Market power and anti competitive behavior

Economies of any region depict the financial strength of the same. Moreover, the markets are a barometer of the strength of the economic strength of a region. The above depends on the industrial development and growth which reflects the productivity of the region and its dependence on others.

Markets are determined by the basic two laws-“Law of Supply” and the “Law of Demand”. The Supply Law describes a direct relationship between the quantity produced and the price-manufacturers shall produce more due to high prices which means more revenues/profits. The Demand Law describes an inverse relationship between the quantity demanded and the price-consumers shall purchase more due to low prices and opportunity costs (cost of leaving out something for another).

Therefore, to balance the demand and supply forces, equilibrium is maintained wherein the demand and supply meet at a point agreeable to both the manufacturers and consumers. Above this point means an excess of supply (to lower price), while, below this point is excess of demand (to increase price).

Hence, the above laws work when all factors (not price) are constant. If any other factor comes into play, then shifts occur. A “Demand Law Shift” means more quantity at same price while the “Supply Law Shift” means that at the same price, less quantity is sold. Thus, the law of equilibrium does not play here.

Hence, a supplier is not able to increase price without losing consumers. However, in cases of “Market Power” suppliers can increase the prices above the equilibrium point without losing profits/customers.

This is determined by the factors as “Market Share” (the monetary value, units of sales and production, production capacity). If you have more market share, you have more influence, though it is not a final say. “Barriers” is a factor if no new supplier can enter into the existing competitors’ realm, thus reducing competition. “Pricing” of the products if based on “follow the leader” shows that the supplier and not the market forces determine the products’ price. This is possible when you have excess “profits” which means less competition in the prices. “Vertical Integration” means that a supplier is having influence in one market and can exploit the revenues earned in other markets.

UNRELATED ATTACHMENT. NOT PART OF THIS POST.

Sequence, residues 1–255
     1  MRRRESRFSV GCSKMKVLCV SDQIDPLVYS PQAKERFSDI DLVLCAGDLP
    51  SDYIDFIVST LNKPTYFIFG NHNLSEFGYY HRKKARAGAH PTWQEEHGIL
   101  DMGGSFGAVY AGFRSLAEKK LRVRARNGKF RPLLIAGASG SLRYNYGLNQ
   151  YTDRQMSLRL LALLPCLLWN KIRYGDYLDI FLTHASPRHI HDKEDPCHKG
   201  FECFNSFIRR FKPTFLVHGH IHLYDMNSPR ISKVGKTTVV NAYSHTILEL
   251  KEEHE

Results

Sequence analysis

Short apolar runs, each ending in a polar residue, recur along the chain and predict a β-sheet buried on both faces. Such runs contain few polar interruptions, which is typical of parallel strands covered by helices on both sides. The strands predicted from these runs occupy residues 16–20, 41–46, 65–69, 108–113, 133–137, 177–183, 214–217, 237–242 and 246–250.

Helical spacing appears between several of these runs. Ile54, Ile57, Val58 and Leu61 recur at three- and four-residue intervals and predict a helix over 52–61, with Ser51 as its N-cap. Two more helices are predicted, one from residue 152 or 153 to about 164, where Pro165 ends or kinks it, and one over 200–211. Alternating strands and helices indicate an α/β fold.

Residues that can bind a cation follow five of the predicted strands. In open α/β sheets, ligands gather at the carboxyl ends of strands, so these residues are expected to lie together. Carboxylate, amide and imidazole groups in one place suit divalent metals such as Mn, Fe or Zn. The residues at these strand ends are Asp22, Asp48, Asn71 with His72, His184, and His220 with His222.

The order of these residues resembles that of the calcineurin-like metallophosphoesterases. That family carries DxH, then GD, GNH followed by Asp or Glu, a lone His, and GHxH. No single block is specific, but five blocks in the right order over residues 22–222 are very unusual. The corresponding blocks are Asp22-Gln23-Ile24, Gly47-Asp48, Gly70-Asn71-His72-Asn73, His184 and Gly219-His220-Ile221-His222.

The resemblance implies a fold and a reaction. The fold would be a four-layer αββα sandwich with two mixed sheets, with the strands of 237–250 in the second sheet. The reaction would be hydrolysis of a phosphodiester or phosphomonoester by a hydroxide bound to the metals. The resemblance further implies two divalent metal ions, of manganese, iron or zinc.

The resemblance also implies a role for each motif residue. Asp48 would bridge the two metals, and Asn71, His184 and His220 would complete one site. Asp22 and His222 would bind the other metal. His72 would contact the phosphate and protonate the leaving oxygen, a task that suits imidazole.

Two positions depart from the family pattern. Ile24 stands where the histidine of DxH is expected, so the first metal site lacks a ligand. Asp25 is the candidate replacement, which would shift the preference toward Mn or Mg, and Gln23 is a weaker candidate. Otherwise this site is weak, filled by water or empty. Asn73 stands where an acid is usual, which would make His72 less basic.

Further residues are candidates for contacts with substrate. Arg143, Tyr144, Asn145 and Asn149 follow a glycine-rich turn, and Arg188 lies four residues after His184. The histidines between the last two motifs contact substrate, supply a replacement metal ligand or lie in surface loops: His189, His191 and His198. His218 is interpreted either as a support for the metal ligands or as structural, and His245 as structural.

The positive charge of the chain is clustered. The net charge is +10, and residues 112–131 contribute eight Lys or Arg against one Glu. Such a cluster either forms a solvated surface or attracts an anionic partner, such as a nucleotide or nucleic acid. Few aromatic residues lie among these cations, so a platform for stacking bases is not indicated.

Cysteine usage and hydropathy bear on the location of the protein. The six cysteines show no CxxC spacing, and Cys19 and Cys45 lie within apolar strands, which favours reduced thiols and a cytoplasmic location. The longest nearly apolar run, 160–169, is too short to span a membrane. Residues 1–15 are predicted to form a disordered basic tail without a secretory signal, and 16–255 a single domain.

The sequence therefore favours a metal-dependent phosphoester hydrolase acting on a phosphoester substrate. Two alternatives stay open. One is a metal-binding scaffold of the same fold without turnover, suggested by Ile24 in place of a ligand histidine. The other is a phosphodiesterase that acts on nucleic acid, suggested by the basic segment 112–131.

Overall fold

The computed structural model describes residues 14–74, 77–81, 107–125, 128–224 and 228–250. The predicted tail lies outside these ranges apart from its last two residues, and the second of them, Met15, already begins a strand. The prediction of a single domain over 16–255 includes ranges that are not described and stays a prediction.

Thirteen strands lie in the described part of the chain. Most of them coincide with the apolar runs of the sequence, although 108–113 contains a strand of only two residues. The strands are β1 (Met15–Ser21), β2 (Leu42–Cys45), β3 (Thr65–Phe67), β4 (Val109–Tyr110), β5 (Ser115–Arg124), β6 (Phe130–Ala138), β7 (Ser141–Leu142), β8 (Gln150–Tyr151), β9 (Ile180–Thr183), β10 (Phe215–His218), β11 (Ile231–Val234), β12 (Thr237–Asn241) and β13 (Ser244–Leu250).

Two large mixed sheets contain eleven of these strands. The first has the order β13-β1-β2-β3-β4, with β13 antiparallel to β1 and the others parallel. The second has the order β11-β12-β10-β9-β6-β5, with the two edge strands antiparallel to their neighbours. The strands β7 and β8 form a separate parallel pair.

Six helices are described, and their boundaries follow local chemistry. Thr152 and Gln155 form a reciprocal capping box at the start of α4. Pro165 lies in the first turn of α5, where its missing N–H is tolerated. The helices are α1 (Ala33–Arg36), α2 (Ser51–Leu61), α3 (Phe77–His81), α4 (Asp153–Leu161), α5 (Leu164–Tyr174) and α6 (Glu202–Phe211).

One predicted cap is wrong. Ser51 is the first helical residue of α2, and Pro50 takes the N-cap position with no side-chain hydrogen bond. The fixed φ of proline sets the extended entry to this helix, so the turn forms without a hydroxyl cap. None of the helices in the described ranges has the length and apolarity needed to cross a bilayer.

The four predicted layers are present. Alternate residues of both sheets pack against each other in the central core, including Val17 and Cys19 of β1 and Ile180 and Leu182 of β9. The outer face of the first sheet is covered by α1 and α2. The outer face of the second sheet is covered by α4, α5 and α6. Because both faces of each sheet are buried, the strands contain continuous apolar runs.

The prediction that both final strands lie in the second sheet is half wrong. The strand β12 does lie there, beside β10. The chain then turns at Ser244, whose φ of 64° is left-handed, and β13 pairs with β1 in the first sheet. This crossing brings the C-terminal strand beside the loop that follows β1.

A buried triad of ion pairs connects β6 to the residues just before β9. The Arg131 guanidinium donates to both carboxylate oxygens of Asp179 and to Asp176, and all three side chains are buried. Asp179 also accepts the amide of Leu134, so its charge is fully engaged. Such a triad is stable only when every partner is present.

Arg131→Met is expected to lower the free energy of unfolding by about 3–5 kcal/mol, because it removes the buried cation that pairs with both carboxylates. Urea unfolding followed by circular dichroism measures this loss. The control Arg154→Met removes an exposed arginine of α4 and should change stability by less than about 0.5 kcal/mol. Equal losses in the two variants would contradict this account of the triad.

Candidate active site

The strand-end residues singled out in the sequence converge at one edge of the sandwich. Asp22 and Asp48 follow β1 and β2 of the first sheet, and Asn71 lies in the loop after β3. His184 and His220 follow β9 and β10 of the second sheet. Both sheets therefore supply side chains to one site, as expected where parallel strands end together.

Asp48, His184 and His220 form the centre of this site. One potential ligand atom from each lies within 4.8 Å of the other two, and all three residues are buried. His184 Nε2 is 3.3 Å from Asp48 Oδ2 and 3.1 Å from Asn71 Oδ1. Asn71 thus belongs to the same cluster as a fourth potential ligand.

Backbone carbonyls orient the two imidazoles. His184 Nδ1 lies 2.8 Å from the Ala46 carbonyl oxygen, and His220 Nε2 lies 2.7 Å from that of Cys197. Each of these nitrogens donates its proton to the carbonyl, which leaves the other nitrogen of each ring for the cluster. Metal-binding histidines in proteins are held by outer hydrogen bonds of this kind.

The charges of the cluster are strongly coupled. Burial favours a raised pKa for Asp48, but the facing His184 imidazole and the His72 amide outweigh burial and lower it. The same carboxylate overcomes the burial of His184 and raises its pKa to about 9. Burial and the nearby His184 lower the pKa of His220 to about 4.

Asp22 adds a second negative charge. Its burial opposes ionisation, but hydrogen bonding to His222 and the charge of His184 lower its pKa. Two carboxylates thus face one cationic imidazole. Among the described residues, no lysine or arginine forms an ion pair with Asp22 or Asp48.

The combination of above factors can help to determine the market share which in turn leads to anti-competitive practices which are illegal and are under anti-trust laws all over the world.

Anti-competitive practices can be of many types like: “Dumping” of products at lower prices making competition tough, “Exclusive/Refusal dealing” wherein a retailer/wholesaler must buy from a supplier or companies refuses to deal with a vendor. “Price fixing/collusion/restrictions” between companies to fix prices. “Tying up of unrelated Products” for sale thus restricting consumers’ choice. “Coercive monopoly” wherein a company has all the rights and share to a product market and no other can join. This company can be one approved by the Government approved or the Government itself. This can be done via subsidies/regulations, Protectionism, Tariffs and Quotas. Others include “Barriers to entry”, “Dividing of territories” among companies, restriction in “Resale prices” by resellers, “Misuse of Patent, Copyright, or other Intellectual Property”, and “Absorption of a competing technology/competitor” to stop further competion.

There are many claims of anticompetitive behavior, usually levied at successful companies that may not necessarily be true. One of the more publicised and prolonged cases of such claims was targeted at Microsoft Corp., which began in 1998 in The US, and has spread out over Europe. In the claim, Microsoft was accused of using market power to unfairly tip the balance away from its competitors. The software giant was found by the US Supreme Court to have engaged in monopolistic behavior to the detriment of its competitors in 2000, and despite appeals havad been compelled to make reparations which are continuing to the present.

Market power and anti-competitive behavior may help a few who wield it, but overall it has a negative impact on the economic and social front. Since it restricts free growth and profits in the hands of a few people, it is considered unethical, and in the case of Microsoft, indictable.

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